Sugar. Is it really that bad?

Various kinds of sugar, brown, white and refined sugar

In short … Yes it is!

We hear a lot about sugar in the news lately.  Some say it is bad for us while others say it is ok … in moderation. I’ll get back to that moderation thing a bit later, but let’s first talk about sugar and what happens when we eat it.

When you eat sugar, your glucose, or blood sugar, levels rise. In response to this the pancreas excretes insulin in order to take the sugar out of the blood and use it for energy or to store it. We then feel hungry and want to eat again. This is a normal and necessary process in our bodies. The problems start to arise when we eat foods high in sugar but with little or no other nutrients.

Our bodies like to have a blood sugar level within a very narrow range.   When we eat an apple, the natural sugars in it are accompanied by fibre and other nutrients resulting in a slow release of the sugars inside. But when we eat cookies, lollies, soft drinks and fruit juices, the sugar is released into our bodies very quickly and we get a spike in our blood sugar and insulin levels. These levels then drop dramatically causing us to crave more sugar. These spikes can lead to diabetes, heart disease, anxiety and depression, stress, decreased ability to learn, fatigue, and headaches. And when we have more sugar than we need for energy, we store it as fat leading to weight gain.

Eating Sugar

Although exercise can help to burn off some of the calories in sugar, it still doesn’t stop the spikes from happening when we eat sugar. The sugar wreaks havoc on our bodies and also on our mental state and immune function.   And because sugar is digested so quickly, we feel hungry again very quickly so we are more likely to eat more calories.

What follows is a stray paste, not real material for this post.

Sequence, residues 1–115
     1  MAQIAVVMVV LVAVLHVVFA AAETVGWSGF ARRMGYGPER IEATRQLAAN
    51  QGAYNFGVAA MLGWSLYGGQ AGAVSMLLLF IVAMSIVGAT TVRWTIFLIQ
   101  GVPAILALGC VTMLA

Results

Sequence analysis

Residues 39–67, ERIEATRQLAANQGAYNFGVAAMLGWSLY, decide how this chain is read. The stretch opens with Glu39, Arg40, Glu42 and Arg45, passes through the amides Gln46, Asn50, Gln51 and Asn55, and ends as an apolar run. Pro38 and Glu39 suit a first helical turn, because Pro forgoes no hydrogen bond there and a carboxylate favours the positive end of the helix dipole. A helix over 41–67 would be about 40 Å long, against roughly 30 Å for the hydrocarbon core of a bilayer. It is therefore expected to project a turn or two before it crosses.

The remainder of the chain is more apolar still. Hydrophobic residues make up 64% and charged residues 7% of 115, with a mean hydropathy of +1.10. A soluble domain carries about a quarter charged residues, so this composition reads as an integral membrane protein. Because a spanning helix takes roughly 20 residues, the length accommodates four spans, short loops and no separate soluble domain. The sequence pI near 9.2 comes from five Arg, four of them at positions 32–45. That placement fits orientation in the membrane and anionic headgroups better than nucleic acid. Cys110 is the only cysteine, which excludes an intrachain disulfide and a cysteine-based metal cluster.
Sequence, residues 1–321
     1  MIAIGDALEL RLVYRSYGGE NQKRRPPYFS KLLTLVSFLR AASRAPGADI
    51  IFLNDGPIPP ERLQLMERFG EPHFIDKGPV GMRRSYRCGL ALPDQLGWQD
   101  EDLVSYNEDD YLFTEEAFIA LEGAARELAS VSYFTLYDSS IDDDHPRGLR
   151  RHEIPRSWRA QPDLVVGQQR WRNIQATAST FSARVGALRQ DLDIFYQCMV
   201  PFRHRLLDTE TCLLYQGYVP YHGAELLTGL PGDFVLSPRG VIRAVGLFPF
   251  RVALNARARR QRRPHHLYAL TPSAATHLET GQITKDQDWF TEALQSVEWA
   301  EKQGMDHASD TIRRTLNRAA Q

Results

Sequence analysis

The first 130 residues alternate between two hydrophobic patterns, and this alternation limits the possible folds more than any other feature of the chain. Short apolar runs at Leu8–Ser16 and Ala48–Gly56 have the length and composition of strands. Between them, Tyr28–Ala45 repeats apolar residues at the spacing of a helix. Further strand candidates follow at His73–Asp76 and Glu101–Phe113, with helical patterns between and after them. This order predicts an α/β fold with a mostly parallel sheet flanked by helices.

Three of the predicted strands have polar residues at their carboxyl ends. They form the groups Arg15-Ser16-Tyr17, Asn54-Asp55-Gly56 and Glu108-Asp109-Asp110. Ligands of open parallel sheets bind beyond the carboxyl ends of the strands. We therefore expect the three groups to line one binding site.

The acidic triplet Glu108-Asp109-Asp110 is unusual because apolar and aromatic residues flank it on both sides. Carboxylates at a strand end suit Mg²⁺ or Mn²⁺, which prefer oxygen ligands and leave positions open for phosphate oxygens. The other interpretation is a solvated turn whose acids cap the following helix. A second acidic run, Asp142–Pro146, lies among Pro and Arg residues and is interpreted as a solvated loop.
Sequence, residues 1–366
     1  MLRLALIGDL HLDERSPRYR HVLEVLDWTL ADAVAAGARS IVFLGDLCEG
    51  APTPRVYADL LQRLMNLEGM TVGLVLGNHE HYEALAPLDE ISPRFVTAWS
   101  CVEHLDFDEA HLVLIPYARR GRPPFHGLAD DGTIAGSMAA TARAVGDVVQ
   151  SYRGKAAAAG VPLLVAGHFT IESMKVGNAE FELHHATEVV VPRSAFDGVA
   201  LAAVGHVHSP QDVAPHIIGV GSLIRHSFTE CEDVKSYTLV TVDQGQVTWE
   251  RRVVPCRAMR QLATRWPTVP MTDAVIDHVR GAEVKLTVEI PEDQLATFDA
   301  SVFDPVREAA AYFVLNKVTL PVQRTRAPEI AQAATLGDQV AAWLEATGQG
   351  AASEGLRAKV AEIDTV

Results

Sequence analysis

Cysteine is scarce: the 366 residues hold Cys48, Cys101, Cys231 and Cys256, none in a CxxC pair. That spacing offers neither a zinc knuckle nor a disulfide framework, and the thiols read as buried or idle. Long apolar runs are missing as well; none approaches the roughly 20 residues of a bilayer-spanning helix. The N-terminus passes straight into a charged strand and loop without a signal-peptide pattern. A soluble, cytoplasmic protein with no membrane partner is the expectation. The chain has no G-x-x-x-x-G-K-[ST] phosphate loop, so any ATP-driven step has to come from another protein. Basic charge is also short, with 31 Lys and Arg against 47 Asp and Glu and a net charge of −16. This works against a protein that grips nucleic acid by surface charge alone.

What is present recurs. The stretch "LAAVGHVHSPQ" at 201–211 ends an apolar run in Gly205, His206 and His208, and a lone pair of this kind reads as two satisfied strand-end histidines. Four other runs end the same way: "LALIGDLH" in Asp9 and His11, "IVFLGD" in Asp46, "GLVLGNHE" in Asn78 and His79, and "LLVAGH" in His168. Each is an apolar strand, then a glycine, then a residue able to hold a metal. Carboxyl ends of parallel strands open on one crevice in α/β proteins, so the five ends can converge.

There has been a trend to replace processed sugar with artificial sweeteners. These are actually worse for us. People who drink diet drinks are at a higher risk of diabetes, high blood pressure and heart disease than people who drink regular soft drinks. Diet drinks also cause the hormone leptin to drop, which triggers you to feel hungry so people end up eating more than they would have. And all soft drinks and many other sugary products contain preservatives and other chemicals, which cause another list of health problems.

Back to the topic of moderation. We often hear that you can consume certain unhealthy foods ‘in moderation’ as part of a healthy lifestyle. But what is moderation? Once a day? Month? Year? There is no definition of this term giving everyone an excuse to overindulge. And there are many sugar products that I think people should just never consume.

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Next time you are at the supermarket, check out the labels on your favourite products. You may be shocked to find how much sugar is hiding there. Nutrigrain cereal is one product I have a particular problem with because it advertises itself as being healthy and for athletes, but I doubt any athlete eats 27% sugar for breakfast!  Other products to look out for are sauces.  Tomato sauce (ketchup) is 30% sugar.  Juices can be between 10 and 18% sugar – more than soft drink!!